Both sexes with complete, banded wings; median pale band shorter than distal dark band. Body and legs brown, antennal segment III brown, with basal third brownish yellow. Antennae 9-segmented, segment III long with linear sensorium about 0.3 as long as segment, IV with sensorium almost 0.5 as long as segment and curved distally; segments V–IX forming a single unit with V slightly shorter than VI–IX. Head and pronotum with no long setae. Fore tarsus apically with stout recurved ventral hamus. Marginal setae on sternites arising at or close to margin; sternite VII with two pairs of accessory setae arising well in front of margin.
Male tergites IV and V sometimes with very small paired dorsal tubercles; setae at base of bifurcate claspers on tergite IX almost as long as clasper, with no stout curved seta lateral to clasper.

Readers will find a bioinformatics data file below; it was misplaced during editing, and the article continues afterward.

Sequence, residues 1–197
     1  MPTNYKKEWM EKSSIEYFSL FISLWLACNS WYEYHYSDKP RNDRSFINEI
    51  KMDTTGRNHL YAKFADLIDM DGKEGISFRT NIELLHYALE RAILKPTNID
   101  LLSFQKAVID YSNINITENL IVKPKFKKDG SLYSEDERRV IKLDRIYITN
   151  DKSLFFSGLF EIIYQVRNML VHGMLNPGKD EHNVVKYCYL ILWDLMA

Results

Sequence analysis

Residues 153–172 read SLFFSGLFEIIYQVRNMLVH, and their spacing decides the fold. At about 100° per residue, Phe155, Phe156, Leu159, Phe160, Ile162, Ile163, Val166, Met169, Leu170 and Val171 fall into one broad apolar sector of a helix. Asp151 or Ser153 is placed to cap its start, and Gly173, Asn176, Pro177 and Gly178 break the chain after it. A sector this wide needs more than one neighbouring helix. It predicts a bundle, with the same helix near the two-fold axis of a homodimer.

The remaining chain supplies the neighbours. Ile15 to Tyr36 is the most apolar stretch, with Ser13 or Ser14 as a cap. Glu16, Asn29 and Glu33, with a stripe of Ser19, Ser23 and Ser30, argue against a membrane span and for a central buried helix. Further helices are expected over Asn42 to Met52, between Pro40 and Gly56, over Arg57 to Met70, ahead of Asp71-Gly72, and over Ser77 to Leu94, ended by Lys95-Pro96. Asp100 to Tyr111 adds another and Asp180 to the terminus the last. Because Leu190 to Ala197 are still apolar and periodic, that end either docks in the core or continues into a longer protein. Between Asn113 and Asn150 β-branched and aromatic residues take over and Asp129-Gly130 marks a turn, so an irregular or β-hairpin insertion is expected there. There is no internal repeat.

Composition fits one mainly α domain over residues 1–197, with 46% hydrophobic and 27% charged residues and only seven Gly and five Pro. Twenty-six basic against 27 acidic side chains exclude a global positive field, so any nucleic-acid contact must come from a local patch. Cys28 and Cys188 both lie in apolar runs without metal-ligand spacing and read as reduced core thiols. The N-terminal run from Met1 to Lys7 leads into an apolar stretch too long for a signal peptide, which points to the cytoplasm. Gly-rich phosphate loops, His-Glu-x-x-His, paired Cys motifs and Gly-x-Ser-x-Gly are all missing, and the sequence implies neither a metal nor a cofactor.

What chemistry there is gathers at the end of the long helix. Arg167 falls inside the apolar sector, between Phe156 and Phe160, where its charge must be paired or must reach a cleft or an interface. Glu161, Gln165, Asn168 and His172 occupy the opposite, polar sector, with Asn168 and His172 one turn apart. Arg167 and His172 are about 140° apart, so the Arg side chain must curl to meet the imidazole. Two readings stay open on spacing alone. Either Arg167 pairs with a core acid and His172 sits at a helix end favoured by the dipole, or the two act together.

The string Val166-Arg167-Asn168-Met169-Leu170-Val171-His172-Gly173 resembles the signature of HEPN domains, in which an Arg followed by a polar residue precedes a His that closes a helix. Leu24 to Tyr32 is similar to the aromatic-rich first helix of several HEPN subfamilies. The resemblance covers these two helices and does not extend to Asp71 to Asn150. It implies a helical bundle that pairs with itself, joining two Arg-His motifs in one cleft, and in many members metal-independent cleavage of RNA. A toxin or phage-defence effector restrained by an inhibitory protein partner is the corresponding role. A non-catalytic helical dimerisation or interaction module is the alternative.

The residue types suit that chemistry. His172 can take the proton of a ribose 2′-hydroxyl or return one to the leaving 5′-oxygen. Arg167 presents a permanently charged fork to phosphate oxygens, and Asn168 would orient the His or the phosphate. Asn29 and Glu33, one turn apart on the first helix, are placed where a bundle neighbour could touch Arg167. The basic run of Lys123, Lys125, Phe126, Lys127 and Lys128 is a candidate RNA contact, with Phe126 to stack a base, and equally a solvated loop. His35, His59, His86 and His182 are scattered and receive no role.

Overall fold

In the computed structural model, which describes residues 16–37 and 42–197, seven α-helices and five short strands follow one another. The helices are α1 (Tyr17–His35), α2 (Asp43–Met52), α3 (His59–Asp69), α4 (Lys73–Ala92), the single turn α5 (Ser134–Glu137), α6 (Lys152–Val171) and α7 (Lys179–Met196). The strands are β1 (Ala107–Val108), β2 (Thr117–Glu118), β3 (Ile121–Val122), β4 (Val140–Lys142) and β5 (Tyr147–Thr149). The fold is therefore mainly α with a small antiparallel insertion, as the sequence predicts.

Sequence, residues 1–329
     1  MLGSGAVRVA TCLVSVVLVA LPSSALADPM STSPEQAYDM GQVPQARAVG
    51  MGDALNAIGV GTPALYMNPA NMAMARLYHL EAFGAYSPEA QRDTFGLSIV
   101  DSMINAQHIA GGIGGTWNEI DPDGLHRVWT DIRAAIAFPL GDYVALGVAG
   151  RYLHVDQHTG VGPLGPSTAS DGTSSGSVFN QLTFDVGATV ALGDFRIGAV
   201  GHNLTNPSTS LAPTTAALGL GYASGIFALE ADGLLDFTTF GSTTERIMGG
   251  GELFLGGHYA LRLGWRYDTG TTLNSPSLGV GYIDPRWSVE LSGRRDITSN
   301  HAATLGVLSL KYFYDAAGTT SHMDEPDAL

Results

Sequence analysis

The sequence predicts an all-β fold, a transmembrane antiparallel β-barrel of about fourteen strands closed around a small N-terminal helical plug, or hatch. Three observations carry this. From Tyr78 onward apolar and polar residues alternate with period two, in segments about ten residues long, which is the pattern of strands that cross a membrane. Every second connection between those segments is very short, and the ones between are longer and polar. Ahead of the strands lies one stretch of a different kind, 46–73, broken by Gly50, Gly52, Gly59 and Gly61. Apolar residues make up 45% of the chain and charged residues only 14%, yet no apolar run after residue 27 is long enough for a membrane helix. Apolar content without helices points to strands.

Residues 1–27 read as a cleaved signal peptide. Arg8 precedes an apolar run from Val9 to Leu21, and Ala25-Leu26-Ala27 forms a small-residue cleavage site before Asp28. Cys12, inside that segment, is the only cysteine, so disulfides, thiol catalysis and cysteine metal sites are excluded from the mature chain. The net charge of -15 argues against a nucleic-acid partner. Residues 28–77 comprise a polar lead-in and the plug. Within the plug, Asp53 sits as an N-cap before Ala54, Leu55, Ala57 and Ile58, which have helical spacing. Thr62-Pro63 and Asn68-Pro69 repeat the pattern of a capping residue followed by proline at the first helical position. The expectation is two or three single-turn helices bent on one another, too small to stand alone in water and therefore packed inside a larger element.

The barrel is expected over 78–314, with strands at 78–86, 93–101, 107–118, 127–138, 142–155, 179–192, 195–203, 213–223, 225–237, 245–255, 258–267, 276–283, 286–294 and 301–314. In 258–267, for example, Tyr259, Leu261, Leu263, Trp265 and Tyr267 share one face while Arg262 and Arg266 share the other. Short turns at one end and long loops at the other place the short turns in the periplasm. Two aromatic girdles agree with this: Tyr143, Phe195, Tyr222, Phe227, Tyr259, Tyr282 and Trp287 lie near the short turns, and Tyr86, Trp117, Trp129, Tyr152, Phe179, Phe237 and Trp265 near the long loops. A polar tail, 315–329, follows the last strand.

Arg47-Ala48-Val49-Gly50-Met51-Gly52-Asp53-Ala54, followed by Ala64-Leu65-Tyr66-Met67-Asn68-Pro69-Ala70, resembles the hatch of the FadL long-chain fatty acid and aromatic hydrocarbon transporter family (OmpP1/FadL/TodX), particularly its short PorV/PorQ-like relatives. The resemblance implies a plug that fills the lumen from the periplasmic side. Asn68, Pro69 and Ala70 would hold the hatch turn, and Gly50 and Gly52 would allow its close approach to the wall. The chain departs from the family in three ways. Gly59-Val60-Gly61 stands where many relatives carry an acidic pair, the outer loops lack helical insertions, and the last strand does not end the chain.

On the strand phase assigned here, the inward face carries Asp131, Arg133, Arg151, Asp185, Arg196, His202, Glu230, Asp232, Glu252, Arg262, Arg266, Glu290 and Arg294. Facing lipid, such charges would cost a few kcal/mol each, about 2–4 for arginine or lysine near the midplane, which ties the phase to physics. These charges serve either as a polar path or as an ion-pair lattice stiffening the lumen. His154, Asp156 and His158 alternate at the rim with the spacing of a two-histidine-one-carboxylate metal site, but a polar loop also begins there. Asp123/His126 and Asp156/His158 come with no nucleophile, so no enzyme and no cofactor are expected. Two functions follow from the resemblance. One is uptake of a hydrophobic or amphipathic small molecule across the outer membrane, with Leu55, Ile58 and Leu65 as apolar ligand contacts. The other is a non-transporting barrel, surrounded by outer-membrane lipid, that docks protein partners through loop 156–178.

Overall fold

A. duvali is a member of the A. fasciatus group but has antennal segment III more extensively brown, and the seta at the base of the claspers in males is shorter. About 105 species are placed currently in the genus Aeolothrips. Most of these are from the Palaearctic Region (including the Mediterranean, Iran and northern India, but with five species extending through eastern Africa to South Africa), with about 30 species from the Nearctic (mainly western USA). Only one species of this genus is known from the Neotropics, A. fasciatipennis described from Chile, but Mound & Marullo (1996) indicate this is probably the same as A. fasciatus.
Swept from a range of wild plants, particularly flowers of Mimulus aurantiacus [Scrophulariaceae], but with no information on any specificity for breeding. Presumably a facultative predator in flowers, with a mixed diet of pollen and the larvae of other thrips.
Described from Texas, this species is recorded from California, Arizona, Nevada, New Mexico, Colorado, Utah, Arkansas, Wyoming, Oklahoma and Mexico.
Aeolothrips duvali Moulton
Aeolothrips duvali Moulton, 1927: 186
Bailey SF (1951) The genus Aeolothrips Haliday in North America. Hilgardia 21: 43–80.
Mound LA & Marullo R (1996) The Thrips of Central and South America: An Introduction. Memoirs on Entomology, International 6: 1–488.